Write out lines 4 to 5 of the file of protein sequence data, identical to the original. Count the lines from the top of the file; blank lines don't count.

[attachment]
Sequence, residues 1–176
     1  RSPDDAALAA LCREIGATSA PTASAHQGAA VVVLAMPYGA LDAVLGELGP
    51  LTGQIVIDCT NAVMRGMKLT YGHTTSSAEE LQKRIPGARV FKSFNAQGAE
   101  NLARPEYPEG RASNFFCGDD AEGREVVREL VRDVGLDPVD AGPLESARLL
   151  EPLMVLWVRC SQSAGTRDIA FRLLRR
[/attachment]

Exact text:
   101  NLARPEYPEG RASNFFCGDD AEGREVVREL VRDVGLDPVD AGPLESARLL
   151  EPLMVLWVRC SQSAGTRDIA FRLLRR